Docket No. S.F. 16199.
May 27, 1940.
APPEAL from a judgment of the Superior Court of the City and County of San Francisco. John J. Van Nostrand, Judge. Affirmed.
The facts are stated in the opinion of the court.
W.H. Spaulding and Jerome Politzer for Appellants.
R.F. Mogan and Otto C. Stelling for Respondent.
The question presented for determination upon this appeal involves the construction and effect to be given a provision in a will purporting to incorporate a letter by reference. Respondent's claim to certain of the estate's funds is based upon the terms of the letter. The appellants, who are residuary legatees under the will, contend that the attempted incorporation by reference was ineffectual. The facts, which were presented to the trial court upon an agreed statement, are as follows:
S.M. Seeligsohn died in 1935. His safe deposit box was found to contain, among other things, a will and codicil and a letter addressed to his executors. The will, which was dated March 25, 1932, contained a provision in paragraph four, leaving $6,000 to his executors "to be paid by them in certain amounts to certain persons as shall be directed by me in a letter that will be found in my effects and which said letter will be addressed to Martin E. Simon and Arthur W. Green (the executors) and will be dated March 25, 1932." Paragraph four also provided that any one having an interest in the will "shall not inquire into the application of said moneys" and that the executors "shall not be accountable to any person whomsoever for the payment and/or application of said sum . . . this provision . . . is in no sense a trust".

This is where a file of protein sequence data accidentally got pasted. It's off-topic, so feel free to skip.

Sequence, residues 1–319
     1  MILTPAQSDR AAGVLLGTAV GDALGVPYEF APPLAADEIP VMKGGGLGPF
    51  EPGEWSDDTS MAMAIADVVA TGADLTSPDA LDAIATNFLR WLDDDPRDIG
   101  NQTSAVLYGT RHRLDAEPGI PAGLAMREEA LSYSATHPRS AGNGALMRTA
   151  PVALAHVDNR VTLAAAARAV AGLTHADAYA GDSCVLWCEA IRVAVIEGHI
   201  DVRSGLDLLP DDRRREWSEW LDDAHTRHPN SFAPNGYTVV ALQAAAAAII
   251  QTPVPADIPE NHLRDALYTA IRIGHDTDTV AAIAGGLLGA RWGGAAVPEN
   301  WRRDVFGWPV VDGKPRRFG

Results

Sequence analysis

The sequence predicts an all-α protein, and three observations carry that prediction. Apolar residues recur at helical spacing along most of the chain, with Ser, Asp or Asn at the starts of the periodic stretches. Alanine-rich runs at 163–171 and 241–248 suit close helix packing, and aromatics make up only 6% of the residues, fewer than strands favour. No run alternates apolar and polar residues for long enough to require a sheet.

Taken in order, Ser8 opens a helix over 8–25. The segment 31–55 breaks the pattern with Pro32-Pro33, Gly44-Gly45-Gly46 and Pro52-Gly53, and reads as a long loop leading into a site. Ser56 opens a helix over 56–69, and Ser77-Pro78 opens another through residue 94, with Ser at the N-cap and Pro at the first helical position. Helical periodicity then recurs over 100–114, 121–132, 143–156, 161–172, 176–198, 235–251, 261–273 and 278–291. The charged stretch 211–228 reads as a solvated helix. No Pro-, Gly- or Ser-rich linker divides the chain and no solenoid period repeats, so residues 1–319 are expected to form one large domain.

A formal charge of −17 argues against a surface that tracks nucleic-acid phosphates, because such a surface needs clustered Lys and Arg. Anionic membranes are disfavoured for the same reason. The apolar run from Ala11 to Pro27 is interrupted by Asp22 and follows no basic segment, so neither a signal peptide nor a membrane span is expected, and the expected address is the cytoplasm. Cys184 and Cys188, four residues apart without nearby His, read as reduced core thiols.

The letter found in the testator's safe deposit box was dated July 3, 1933, and stated: "In paragraph VIII of my will I have left you $6,000 — to be paid to the persons named in a letter and this letter is also mentioned in said paragraph. I direct that after my death you shall pay said $6,000 as follows: To Mrs. Esther Cohn, 1755 Van Ness Ave. San Francisco, Calif. the sum of $4,000 — . . . If any of the said persons cannot be found by you within six months after my death, or if any of the said persons shall predecease me, the sum directed to be paid to such persons . . . shall be paid by you to my heirs as described in paragraph IX of my said Will. . . ." This letter was written, dated and signed entirely in the handwriting of the testator. No letter dated March 25, 1932, was found among his effects.
The codicil to the will was executed November 25, 1933. It made no changes in paragraph IV of the will and contained no reference to the letter, but recited, "Except as expressly modified by this Codicil, by Will of March 25th 1932 shall remain in full force and effect."
Esther Cohn's whereabouts was known to the testator's executors immediately following his death, but she herself died a week later. Respondent, as her executrix, claimed the $4,000 mentioned in the letter. This claim was challenged by appellants, residuary legatees under Seeligsohn's will, and his executors brought suit interpleading the disputants. From the agreed facts the trial court drew conclusions of law and rendered judgment in favor of the respondent. The chief question is whether the letter was effectually incorporated by reference into the will.